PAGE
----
It might be time to change your bedtime reading habits.
Do you feel sleep deprived, even if you’re clocking in eight hours of shuteye a night? Well, if your bedtime routine involves reading on your iPad before turning off the lights, a simple switch to a physical book could help you feel more well-rested. According to a new study from the University of Bergen in Norway, reading from a tablet alters sleep quality compared to reading from a physical book.
For the study, published in Sleep Medicine, participants first kept a regular sleep-wake schedule for a week before data was collected. The following week, researchers began to record data about their sleep, including brain activity, sleep time, and sleep efficiency—with the participants sleeping in their own beds for the duration of the study. For the first night, they had participants continue their regular sleep patterns. On the next night, participants were instructed to read from an iPad for half an hour in bed before turning off the light and going to sleep. For the last night, they read for 30 minutes—but this time with a paper book and using the lights in their bedrooms.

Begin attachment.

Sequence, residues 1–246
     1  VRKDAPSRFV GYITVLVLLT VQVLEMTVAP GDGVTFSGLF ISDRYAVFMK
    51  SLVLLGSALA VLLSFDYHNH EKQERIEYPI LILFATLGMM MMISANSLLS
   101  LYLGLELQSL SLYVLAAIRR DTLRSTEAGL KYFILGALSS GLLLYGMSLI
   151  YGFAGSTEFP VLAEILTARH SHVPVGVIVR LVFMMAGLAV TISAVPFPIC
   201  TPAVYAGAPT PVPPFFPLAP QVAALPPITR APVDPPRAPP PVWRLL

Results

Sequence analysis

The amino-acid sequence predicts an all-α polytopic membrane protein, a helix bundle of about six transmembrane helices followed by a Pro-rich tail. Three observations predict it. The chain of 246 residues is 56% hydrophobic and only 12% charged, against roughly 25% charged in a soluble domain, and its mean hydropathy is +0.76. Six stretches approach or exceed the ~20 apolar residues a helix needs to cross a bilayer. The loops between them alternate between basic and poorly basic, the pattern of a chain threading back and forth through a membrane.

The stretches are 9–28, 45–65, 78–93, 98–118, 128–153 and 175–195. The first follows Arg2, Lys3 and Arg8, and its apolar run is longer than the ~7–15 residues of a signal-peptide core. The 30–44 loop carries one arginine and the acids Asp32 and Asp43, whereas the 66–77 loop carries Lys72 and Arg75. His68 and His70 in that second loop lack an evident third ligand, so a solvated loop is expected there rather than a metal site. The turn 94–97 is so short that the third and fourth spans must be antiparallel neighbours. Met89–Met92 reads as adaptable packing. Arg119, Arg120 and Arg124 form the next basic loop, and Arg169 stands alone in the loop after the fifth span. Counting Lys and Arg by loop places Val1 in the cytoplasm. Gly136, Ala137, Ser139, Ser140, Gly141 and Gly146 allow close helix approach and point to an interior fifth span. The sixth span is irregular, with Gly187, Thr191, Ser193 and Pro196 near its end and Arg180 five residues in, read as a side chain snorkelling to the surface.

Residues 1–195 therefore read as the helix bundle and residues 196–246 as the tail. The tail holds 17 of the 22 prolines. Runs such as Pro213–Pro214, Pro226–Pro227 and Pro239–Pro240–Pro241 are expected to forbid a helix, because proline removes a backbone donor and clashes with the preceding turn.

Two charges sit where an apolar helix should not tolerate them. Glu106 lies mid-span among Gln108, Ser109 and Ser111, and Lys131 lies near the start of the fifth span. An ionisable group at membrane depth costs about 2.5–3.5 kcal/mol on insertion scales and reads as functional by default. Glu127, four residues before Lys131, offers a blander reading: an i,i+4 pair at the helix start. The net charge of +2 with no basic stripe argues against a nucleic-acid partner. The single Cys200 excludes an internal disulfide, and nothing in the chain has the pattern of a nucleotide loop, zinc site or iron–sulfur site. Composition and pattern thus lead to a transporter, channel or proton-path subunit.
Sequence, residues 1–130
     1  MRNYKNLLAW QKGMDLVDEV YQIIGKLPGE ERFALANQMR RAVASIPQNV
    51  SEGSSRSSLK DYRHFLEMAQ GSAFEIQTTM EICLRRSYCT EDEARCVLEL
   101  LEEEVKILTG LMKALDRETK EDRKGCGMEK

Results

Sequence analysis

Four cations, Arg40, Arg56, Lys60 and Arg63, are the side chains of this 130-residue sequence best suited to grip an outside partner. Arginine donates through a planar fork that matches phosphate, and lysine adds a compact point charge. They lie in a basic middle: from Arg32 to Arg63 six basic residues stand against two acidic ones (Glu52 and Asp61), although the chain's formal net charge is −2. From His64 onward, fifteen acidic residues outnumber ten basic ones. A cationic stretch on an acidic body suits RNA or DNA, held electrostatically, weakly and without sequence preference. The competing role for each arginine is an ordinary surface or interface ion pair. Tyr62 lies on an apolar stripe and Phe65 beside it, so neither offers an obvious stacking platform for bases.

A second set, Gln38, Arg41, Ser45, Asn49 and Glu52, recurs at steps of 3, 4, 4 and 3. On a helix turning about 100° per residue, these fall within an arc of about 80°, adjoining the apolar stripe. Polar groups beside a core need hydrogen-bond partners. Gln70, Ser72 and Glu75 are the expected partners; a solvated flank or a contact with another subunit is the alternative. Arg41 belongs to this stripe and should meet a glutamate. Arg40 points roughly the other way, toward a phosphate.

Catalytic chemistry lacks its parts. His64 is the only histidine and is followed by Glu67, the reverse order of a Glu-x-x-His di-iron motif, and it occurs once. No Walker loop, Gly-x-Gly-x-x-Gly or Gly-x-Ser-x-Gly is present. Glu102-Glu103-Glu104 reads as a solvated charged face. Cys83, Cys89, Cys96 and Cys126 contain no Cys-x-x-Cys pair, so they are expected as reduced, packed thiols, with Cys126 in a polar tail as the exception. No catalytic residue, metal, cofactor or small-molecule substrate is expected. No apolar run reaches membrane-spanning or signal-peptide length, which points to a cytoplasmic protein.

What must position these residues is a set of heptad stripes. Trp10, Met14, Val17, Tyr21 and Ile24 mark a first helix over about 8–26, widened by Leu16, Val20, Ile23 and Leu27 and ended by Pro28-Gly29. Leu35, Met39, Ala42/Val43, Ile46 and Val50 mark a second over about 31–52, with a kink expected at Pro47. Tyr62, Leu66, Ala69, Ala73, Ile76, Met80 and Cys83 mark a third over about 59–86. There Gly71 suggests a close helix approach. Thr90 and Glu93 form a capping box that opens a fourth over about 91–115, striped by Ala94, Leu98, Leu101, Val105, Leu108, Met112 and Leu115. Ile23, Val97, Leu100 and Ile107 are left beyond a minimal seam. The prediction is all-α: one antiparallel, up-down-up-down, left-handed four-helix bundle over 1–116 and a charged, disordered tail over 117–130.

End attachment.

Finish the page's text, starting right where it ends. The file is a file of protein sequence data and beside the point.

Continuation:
Researchers expected the high levels of blue light emitted from the iPad would make it harder for participants to fall asleep compared to reading a physical book. But they found that there was no difference in how long it took to fall asleep or for how long they slept. All participants, after reading, slept the same: a little less than 8 hours total.
What was different? How sleepy participants felt before falling asleep and how the brain reacted while sleeping. After reading on an iPad, participants felt more alert than when they read a physical book. They spent less time in deep sleep, which is an important part of overall brain functioning and restoration, according to the slow brain wave activity measurements. Participants also entered the deep sleep stage about 30 minutes later, too.
An iPad isn't the only thing that might be fueling your yawns throughout the day. Take a look at other parts of your nightly routine that might be sabotaging your sleep.